Especially in recent decades, the two-party system has been strengthened by negative partisanship. Trump had massive flaws as a candidate and was widely disliked or distrusted even by Republicans. But Trump was able to keep the Republican coalition together because GOP voters hated “Crooked Hillary” even more, for a host of reasons good and bad. Just so, it’s easy to imagine Republicans who might blanch at Moore’s homophobia or Islamophobia who will still vote Republican because they hate an array of left-wing bogeymen like Antifa, Colin Kaepernick, and House Minority Leader Nancy Pelosi. Negative partisanship enables the GOP to move as far to the right as they want without suffering measurable electoral penalty.
Moreover, a Moore-style GOP can remain an electoral force in the same way that the current GOP does: with a combination of gerrymandering, voter suppression, and the Senate and Electoral College’s overrepresentation of small, rural, overwhelmingly white states—their bias toward conservative voters, in other words. While such a Republican Party eventually might have a harder time winning national elections, it can do well enough in Congress to block Democratic legislation.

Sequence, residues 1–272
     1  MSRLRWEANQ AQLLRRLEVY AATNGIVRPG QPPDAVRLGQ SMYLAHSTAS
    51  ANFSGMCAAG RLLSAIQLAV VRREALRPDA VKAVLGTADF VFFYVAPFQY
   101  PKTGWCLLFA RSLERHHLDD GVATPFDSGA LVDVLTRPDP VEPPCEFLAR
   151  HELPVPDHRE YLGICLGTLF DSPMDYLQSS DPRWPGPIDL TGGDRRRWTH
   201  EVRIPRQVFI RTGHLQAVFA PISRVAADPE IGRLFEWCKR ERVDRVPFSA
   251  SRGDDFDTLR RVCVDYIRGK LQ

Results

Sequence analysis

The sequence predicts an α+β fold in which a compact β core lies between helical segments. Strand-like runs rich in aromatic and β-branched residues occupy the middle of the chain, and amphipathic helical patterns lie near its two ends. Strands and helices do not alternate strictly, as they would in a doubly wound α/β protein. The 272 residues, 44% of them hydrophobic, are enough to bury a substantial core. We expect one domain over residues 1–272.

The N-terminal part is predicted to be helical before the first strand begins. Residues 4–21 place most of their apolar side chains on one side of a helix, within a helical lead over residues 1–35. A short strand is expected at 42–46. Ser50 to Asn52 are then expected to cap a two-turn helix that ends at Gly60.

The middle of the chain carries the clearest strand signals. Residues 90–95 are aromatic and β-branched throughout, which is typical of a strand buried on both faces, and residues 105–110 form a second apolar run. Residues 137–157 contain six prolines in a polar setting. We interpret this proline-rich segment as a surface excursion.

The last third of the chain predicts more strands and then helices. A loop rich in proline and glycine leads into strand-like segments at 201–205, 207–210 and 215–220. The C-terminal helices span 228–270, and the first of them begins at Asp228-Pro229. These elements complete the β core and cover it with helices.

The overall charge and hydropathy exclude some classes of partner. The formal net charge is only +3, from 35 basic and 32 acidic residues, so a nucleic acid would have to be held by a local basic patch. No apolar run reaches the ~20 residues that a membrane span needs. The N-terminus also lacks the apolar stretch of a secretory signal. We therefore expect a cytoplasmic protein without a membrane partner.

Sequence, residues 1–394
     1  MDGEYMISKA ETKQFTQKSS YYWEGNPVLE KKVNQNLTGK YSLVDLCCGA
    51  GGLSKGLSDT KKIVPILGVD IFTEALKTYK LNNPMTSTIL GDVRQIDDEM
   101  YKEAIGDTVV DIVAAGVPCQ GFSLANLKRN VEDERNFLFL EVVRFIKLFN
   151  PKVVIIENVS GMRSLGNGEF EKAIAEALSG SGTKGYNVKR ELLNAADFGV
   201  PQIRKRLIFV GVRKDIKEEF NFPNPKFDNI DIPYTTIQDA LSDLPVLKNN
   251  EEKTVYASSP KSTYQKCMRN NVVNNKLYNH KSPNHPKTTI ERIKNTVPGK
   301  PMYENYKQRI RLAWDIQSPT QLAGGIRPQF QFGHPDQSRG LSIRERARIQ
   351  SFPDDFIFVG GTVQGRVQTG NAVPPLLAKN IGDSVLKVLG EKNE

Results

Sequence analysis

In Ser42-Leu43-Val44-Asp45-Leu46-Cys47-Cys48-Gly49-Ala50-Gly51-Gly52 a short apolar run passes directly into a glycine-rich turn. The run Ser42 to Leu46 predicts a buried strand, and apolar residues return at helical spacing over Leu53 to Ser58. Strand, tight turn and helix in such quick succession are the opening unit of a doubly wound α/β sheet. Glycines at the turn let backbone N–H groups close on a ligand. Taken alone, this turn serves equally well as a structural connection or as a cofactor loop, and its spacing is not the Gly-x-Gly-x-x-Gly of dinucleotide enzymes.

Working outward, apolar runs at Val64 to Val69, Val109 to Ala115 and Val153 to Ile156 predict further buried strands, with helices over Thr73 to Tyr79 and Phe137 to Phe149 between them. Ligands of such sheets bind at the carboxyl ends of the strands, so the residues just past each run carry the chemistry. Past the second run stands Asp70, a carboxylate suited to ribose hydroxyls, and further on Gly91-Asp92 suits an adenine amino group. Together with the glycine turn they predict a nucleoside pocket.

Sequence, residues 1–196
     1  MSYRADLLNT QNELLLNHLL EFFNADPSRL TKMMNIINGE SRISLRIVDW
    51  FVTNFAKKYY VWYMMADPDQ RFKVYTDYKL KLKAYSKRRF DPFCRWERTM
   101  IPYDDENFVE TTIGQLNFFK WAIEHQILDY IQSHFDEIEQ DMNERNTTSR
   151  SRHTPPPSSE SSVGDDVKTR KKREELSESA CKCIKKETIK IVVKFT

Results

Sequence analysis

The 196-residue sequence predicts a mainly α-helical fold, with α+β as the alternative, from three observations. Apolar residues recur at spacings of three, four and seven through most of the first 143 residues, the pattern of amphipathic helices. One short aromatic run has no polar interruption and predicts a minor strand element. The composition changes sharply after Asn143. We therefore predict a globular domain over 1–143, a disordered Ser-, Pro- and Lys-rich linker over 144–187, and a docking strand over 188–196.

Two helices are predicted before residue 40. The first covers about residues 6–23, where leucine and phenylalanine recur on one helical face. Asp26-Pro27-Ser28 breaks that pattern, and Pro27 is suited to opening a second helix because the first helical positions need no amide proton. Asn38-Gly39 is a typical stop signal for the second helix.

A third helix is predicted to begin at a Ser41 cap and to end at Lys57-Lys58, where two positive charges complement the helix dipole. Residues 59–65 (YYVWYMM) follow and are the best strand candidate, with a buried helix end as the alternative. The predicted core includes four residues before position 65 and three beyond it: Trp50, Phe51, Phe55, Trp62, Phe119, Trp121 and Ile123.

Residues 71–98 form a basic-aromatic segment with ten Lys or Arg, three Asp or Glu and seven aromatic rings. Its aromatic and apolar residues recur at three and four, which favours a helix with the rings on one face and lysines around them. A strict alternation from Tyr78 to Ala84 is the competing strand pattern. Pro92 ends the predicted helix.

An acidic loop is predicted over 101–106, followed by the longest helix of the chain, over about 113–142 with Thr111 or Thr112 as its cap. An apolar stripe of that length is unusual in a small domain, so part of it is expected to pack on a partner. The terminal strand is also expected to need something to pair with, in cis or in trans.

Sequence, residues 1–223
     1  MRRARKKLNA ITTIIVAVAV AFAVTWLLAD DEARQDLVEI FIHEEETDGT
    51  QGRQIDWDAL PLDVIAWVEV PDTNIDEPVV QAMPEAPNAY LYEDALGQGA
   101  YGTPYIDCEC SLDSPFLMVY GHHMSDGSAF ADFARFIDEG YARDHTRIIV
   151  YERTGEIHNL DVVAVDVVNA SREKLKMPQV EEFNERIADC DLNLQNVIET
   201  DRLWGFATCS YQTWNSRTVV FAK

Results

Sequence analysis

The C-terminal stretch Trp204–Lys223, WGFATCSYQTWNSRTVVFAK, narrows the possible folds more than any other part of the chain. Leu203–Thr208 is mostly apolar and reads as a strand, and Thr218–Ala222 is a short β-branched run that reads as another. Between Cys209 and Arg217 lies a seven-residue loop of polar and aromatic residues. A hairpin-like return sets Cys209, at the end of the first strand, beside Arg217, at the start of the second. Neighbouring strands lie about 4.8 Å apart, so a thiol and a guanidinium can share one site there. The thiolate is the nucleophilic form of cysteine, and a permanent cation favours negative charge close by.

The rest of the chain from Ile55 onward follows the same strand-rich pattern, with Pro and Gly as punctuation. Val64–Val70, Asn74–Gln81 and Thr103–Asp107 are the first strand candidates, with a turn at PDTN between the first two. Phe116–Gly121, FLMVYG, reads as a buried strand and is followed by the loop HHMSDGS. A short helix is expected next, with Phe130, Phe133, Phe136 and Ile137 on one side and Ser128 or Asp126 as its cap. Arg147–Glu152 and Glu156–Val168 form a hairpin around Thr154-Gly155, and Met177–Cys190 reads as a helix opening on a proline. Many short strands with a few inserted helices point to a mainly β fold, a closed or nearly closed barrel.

Writing in The Atlantic, McCay Coppins accurately sees Moore’s insurgency as part of a larger pattern of populist revolt within the GOP:
Over the past quarter-century, Republican politics have routinely been upended by angry populist outbursts of this sort—from the rise of Ross Perot to the revolt of the religious right, from the Tea Party wave to the Trump insurgency. Inevitably, these episodes set off a stampede of opportunistic politicians, pollsters, and policy wonks rushing to co-opt the phenomenon and use it to advance some ideological agenda. In just the past few years, politicians as varied as House Speaker Paul Ryan, Texas Senator Ted Cruz, Trump, and Moore have tried to lay claim to the conservative movement—with each arguing that their vision is the one that mad-as-hell voters are crying out for.
What’s striking is that this so-called war between the establishment and the populists always ends in the same way: with the establishment absorbing elements of the populist agenda to win elections. Seen in this light, these so-called insurgencies or civil wars never really hurt the Republican Party. Rather, they give it more energy by riling up the base. The gamble that Bannon is making is that religious extremism will create a more powerful GOP. Alas, there’s no reason to think Bannon is wrong.